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Cincinnati Business and Commercial Litigation Legal Blog

Is there a limited liability corporation for more than one owner?

If you're considering launching your business concept, you may feel overwhelmed trying to sort out the differences in the framework of incorporation structures. You may appreciate the liability protection that setting up a limited liability corporation (LLC) provides, yet you may have a business partner and think that you need to set up a partnership or a corporation instead. You may find that incorporating your business as a multi-member LLC (MMLLC) is just the type of formation right for you and your concept.

An MMLLC is precisely what the name suggests. It offers some of the same protections an LLC provides a single owner. It just allows two or more individuals or owners to enjoy some of the same liability protections that a single-member LLC does.

Protect your company in workers' compensation claims

When an employee claims they were hurt on the job, employers need to handle these situations properly. It's important to protect the rights of the employee, but you also have to protect the interests of the business. This isn't always easy.

You can't go into every claim thinking that an employee is trying to get something over on you, but you shouldn't assume that you don't need to be cautious. False injury claims do happen.

What is the difference between a contractor and a consultant?

Individuals who work for companies in a non-employee capacity often refer to their roles as consultants or contractors. The interchanging of these words can make it challenging to understand precisely what their role entails. U.S. Department of Labor (DOL) Bureau of Labor Statistics (BLS) career data shows that these two titles describe two distinct roles.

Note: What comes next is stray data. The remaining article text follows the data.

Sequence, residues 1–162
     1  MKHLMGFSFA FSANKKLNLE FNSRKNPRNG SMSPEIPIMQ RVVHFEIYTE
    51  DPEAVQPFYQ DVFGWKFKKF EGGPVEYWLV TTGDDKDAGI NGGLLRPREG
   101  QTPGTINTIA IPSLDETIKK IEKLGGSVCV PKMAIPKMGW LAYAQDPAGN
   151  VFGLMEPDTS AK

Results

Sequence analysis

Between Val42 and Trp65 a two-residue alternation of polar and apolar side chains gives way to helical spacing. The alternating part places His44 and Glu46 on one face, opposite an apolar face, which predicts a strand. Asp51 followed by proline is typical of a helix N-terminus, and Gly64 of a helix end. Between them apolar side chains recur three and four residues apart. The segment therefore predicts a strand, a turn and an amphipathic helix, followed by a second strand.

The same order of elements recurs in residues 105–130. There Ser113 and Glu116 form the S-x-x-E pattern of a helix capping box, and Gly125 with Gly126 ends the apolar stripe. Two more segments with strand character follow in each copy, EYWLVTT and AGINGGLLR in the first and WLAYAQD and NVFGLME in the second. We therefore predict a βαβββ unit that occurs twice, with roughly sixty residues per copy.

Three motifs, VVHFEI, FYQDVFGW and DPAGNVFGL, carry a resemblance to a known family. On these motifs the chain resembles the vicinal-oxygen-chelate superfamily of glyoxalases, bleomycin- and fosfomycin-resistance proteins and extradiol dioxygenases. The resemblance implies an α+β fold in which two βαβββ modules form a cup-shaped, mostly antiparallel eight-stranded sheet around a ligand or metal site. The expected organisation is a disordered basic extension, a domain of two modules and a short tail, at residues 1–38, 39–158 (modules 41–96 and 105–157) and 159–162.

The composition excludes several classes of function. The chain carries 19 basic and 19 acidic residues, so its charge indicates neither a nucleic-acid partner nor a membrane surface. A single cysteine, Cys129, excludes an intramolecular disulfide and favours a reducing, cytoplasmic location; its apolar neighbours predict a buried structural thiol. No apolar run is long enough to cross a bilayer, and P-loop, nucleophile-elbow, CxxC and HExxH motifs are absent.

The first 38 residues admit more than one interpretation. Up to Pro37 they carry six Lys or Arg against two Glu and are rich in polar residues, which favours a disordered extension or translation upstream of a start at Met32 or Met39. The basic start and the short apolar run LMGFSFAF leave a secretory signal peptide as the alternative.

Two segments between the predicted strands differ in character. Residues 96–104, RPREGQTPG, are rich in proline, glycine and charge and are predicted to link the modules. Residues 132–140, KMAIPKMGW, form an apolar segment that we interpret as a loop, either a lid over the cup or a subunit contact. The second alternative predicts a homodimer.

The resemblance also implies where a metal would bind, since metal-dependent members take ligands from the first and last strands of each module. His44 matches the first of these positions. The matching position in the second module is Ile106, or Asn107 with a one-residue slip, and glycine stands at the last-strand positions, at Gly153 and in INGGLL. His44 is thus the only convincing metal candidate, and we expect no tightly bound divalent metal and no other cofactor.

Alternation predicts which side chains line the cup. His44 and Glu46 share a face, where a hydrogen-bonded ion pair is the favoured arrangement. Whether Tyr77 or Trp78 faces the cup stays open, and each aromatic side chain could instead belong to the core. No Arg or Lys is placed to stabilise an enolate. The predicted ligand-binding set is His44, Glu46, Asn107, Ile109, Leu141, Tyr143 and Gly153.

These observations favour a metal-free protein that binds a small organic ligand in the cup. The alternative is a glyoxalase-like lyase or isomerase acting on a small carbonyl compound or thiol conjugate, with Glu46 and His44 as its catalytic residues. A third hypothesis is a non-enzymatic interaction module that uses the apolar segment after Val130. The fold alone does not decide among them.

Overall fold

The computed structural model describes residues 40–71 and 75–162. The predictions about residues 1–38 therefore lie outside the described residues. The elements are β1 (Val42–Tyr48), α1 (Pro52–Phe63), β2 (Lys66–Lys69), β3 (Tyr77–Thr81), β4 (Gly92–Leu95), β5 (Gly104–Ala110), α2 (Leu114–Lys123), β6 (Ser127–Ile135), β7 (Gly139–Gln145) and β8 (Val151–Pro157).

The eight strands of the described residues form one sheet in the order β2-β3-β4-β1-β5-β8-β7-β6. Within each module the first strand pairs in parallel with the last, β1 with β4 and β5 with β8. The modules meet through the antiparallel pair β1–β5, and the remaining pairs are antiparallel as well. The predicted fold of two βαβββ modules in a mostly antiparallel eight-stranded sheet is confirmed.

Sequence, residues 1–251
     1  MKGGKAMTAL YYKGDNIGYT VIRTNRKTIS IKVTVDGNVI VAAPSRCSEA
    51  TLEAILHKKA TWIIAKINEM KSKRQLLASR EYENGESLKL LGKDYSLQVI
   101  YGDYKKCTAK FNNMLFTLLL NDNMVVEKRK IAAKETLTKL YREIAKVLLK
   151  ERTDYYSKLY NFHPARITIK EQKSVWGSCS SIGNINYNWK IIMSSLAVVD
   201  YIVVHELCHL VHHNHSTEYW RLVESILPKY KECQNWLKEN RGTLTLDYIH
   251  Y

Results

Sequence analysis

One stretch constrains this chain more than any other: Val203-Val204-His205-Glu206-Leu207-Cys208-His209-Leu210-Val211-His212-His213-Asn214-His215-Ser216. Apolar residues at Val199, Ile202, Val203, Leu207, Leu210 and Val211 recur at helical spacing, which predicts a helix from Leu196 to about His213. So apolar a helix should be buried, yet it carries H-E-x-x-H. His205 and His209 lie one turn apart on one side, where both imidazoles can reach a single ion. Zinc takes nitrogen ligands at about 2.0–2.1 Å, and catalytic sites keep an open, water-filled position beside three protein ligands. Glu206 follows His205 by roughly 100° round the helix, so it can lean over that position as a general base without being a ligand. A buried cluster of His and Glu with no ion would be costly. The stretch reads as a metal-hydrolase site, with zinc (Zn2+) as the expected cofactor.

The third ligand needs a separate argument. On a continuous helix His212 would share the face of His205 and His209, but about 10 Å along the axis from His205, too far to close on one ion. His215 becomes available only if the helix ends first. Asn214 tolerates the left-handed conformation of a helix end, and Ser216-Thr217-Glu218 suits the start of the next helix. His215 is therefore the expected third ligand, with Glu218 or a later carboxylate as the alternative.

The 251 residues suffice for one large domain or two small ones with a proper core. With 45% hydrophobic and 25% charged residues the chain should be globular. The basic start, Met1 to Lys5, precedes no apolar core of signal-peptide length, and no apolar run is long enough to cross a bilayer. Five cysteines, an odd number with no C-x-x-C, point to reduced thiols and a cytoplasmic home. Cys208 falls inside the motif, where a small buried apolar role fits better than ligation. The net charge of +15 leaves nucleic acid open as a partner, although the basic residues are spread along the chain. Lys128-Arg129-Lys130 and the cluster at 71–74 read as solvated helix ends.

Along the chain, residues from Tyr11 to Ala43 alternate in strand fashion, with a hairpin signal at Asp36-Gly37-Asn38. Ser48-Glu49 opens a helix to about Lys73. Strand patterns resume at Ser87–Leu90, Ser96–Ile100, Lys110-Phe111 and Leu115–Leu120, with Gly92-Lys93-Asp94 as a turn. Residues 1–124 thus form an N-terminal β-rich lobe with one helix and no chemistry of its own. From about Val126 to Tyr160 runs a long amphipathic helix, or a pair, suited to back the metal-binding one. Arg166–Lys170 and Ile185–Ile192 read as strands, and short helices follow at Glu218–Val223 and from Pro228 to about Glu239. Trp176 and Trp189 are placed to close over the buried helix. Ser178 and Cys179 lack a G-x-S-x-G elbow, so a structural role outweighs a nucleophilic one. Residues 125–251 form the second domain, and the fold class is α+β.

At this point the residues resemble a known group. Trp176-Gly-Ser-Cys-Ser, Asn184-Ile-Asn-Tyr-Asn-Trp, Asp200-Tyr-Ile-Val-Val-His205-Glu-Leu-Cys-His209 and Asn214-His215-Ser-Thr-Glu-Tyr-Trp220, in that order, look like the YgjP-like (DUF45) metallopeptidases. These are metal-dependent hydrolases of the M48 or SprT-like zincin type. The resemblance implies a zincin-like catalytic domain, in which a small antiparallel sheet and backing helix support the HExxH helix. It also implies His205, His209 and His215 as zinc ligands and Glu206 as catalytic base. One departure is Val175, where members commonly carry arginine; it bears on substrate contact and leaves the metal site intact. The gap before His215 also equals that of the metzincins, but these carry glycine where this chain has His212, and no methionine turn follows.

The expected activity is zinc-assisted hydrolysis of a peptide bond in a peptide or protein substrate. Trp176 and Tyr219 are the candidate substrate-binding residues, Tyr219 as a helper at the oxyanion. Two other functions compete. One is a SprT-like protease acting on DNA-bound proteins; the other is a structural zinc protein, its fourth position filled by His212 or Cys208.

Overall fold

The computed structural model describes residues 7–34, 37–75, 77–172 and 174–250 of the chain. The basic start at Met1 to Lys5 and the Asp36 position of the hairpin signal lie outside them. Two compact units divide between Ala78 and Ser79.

BLS data shows that contractors most commonly have bachelor's degrees. They are outsiders who are often hired by a company to complete project work in a specified field.

What may result in a judge throwing out a noncompete agreement?

We live in a very competitive world where someone is always interested in getting an upper edge on another at all costs. Many Ohio employers ask their employees to sign noncompete agreements (NCAs) to protect themselves from workers from taking off their operational details and customers and starting their own thing right in their figurative backyard. Any employer looking to protect their interests by having an employee sign an NCA must make sure that they include certain information in it for it to hold up in a court of law.

Employers generally aren't able to ask an employee to sign an NCA on a whim. They must instead offer some consideration in exchange for them doing so. You can satisfy your obligation by merely extending a job offer to a prospective employee pre-hire. You may have to give an existing worker a raise or bonus as consideration to sign an NCA, though.

What are signs an executor has breached their fiduciary duty?

The executor of an estate has specific fiduciary responsibilities. It's an Ohio personal representative's legal obligation to act in the best interest of the deceased and carry out their instructions and wishes to the best of their abilities.